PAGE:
In many cases, snow tires are enough to help your vehicle travel safely in frigid conditions. However, in the most severe winter weather, you may need to use snow chains.
Relative to snow tires, snow chains provide better traction on ice, deep snow ,and snow that’s tightly packed. Also, you can easily add and remove them yourself, so you can use them temporarily if you’re facing a particularly challenging stretch of road.
If you drive in wintry conditions, it’s good to know how to put on snow chains. Below, we provide some guidance.
Shopping for Snow Chains
Before buying snow chains, check your car’s owner’s manual to see if there are any restrictions regarding these products. In some cars, there isn’t enough clearance between the tires and the wheels to accommodate snow chains. If chains are installed on these vehicles, they could cause serious damage.
If your vehicle can handle snow chains, you’ll need to pick an appropriate size. Check your tire’s sidewall to determine the size of your tires. Next, select snow chains that match your tire size. The page or packaging will include this information.
Finally, figure out how many chains you want to buy. At the very least, front-wheel-drive cars need chains on the front tires, and rear-wheel-drive cars need chains on the back tires; also, with both types of vehicles, you may choose to install chains on all four wheels. All-wheel-drive or four-wheel-drive vehicles need chains on all four tires for the best results.
How to Install Snow Chains
1. Start by parking on a firm, flat surface, away from traffic. Make sure the vehicle is in Park, and engage the parking brake.
2. Unpack each chain, and roll it out beside the tire you’ll be working on. Position each chain so it lies straight and flat, parallel to the tire, with no bends or twists.
3. Drape each chain over the top of each tire. Take care to ensure that the chains hang evenly. If the chains you’re using have sharp hooks, make sure they point away from the tire.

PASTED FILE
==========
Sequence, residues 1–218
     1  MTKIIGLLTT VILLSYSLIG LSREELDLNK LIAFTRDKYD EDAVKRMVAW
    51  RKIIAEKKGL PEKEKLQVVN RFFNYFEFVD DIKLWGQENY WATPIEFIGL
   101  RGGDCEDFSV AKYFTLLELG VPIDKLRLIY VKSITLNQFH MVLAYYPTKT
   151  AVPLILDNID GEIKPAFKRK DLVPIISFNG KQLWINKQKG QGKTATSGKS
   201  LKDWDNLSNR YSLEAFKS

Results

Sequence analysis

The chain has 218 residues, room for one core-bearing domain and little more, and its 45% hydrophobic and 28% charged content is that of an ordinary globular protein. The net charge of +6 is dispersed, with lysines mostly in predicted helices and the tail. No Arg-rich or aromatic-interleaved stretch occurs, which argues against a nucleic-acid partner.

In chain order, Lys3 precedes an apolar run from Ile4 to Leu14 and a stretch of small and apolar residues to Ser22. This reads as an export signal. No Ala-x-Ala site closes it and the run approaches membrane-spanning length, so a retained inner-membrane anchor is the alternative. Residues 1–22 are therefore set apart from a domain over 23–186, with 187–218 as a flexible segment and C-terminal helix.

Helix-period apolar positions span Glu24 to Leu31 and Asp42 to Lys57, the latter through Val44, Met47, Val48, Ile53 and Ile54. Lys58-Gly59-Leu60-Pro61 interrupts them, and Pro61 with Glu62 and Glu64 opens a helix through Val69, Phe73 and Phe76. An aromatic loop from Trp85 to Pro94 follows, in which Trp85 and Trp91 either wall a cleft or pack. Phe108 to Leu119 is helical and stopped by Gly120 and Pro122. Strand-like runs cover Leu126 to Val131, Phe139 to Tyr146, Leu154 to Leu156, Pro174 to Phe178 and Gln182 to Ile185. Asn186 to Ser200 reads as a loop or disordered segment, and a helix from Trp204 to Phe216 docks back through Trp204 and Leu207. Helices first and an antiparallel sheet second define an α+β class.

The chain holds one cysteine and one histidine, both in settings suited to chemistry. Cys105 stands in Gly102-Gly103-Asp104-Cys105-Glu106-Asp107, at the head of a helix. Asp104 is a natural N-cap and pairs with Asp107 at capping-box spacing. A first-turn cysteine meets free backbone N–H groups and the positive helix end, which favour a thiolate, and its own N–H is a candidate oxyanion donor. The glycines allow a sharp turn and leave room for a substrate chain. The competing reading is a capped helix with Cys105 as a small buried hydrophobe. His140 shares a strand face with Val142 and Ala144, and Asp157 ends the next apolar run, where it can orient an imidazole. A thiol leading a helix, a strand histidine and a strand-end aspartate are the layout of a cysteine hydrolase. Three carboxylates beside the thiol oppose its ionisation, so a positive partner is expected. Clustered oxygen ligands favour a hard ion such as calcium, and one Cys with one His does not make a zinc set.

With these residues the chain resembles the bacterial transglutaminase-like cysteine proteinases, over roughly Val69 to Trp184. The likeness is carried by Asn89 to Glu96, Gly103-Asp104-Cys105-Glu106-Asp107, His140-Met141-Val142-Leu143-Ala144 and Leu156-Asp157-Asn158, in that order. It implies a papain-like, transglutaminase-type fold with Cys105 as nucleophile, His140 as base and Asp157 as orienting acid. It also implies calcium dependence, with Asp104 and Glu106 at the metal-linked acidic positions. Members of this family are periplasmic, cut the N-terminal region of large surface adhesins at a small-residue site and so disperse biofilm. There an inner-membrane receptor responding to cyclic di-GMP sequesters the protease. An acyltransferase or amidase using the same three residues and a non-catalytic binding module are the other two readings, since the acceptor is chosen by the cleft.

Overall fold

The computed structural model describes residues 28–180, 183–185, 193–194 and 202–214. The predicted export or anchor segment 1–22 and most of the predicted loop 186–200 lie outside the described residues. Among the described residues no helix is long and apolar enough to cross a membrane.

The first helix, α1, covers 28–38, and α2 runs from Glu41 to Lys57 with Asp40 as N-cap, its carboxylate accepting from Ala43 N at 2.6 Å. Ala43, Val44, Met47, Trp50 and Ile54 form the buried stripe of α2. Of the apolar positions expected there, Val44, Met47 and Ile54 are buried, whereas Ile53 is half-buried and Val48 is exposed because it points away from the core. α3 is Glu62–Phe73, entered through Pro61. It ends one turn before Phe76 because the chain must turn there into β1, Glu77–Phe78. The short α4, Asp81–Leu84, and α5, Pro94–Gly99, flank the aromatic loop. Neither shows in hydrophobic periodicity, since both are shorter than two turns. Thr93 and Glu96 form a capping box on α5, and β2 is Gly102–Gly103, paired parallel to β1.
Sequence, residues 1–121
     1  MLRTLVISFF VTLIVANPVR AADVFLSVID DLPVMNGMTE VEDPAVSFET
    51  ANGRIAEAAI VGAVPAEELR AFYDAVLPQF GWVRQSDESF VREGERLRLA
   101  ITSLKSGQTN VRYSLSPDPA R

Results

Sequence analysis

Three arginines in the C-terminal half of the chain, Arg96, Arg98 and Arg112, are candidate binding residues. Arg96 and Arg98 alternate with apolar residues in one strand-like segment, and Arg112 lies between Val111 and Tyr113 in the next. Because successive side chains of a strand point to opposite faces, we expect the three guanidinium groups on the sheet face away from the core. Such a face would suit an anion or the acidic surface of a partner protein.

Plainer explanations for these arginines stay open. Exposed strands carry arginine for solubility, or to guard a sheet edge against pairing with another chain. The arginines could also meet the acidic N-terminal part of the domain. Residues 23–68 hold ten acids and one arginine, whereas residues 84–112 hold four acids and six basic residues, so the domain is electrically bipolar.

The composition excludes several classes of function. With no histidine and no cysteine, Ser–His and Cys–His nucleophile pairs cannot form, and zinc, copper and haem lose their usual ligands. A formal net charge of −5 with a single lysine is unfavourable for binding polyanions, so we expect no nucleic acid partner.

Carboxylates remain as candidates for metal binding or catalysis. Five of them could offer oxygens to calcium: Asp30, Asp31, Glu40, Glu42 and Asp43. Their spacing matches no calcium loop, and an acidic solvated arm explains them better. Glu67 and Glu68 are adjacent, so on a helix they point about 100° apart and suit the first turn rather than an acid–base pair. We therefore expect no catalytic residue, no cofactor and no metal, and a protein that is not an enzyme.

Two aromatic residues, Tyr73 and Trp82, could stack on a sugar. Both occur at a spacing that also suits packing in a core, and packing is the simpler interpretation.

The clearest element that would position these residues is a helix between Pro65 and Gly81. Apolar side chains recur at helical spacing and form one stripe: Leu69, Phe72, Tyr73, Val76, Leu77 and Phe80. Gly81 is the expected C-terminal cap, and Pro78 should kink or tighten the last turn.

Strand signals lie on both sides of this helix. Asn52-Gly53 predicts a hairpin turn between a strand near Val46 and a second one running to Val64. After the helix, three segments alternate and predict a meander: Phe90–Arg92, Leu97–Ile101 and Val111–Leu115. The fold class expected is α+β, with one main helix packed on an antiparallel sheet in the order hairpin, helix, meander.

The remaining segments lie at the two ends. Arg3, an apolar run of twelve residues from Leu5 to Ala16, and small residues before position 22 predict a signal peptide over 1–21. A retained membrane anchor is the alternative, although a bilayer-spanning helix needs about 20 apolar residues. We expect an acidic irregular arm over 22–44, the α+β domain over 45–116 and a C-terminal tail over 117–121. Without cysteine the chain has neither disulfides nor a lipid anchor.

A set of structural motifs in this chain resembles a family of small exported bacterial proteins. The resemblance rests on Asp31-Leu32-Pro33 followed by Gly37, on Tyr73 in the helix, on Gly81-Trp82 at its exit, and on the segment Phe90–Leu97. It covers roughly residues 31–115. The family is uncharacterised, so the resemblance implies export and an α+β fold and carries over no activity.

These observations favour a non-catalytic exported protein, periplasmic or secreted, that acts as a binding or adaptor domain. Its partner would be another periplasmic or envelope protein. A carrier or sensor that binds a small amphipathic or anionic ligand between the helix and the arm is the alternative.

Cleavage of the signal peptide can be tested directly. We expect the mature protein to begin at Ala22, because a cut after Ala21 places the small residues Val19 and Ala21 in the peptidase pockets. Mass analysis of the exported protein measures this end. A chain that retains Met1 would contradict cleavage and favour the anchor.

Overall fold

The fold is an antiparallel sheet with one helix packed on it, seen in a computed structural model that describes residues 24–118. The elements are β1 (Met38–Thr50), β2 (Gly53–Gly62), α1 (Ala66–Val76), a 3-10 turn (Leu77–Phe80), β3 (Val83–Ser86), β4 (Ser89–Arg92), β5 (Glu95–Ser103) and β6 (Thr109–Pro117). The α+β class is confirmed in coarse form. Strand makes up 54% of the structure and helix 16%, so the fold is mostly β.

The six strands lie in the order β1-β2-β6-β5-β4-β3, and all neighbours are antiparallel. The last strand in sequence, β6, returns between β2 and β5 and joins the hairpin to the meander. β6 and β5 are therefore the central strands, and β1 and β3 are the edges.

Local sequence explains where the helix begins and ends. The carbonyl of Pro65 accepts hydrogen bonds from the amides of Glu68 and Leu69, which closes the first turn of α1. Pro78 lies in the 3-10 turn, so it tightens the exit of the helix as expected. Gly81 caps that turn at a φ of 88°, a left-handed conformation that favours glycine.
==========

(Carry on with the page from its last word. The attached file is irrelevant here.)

4. Connect one end of each chain to the other using the provided fastening mechanism.
5. Drive forward a little to expose the portion of the tire that’s been touching the pavement. Make sure to put the vehicle in park and activate the parking brake once again when you’re done.
6. Cover this last portion of the tire with the chains, and make final connections.
7. Repeat this process with all the tires.
8. Once all the chains are secured in place, drive forward about 100 feet or so. Then tighten the chains.
This process may take a bit longer the first few times you do it, but after more practice, you’ll be able to get them on in just a few minutes and the difference in traction will be noticeable instantly.
How to Remove Snow Chains
Removing snow chains is even easier than putting them on — you basically detach the fasteners and drive out of them:
1. Disconnect the chains from inside the wheel.
2. Pull the chains away from the tire. Lay them as flat as possible
3. Drive forward slowly until the tires have cleared the chains.
4. Collect the chains and store them.
Final Tips for Snow Chain Use
Be sure to remove the chains once you’ve reached clear roads that are free of snow and ice. These chains alter the smooth rolling surface of your tire to dig deeper into ice and snow. Because of this, they can wear your tire prematurely, damage the road surface and significantly reduce your fuel economy. Though the manufacturer’s instructions get the final say on speed, you really shouldn’t travel faster than about 30 miles per hour with them on. Remember, chains are for traversing only the most unforgiving terrain — not for winter cruising — so don’t keep your chains on longer than necessary.
Now you know how to install and remove these useful, affordable tools that don’t take up much space. Investing in a set may help you drive safely one wintry day.
Check out all the tires, wheels and accessories available on NAPA Online or trust one of our 17,000 NAPA AutoCare locations for routine maintenance and repairs. For more information on how to put on snow chains, chat with a knowledgeable expert at your local NAPA AUTO PARTS store.
Photos courtesy of Pixabay.
I'm a writer and editor who's a regular contributor with the New York Daily News and Carfax, and my content has appeared in over 20 publications. I've written content that covers industries such as automotive, medical, insurance, healthcare, real estate, plumbing, pest control, dental and hospitality.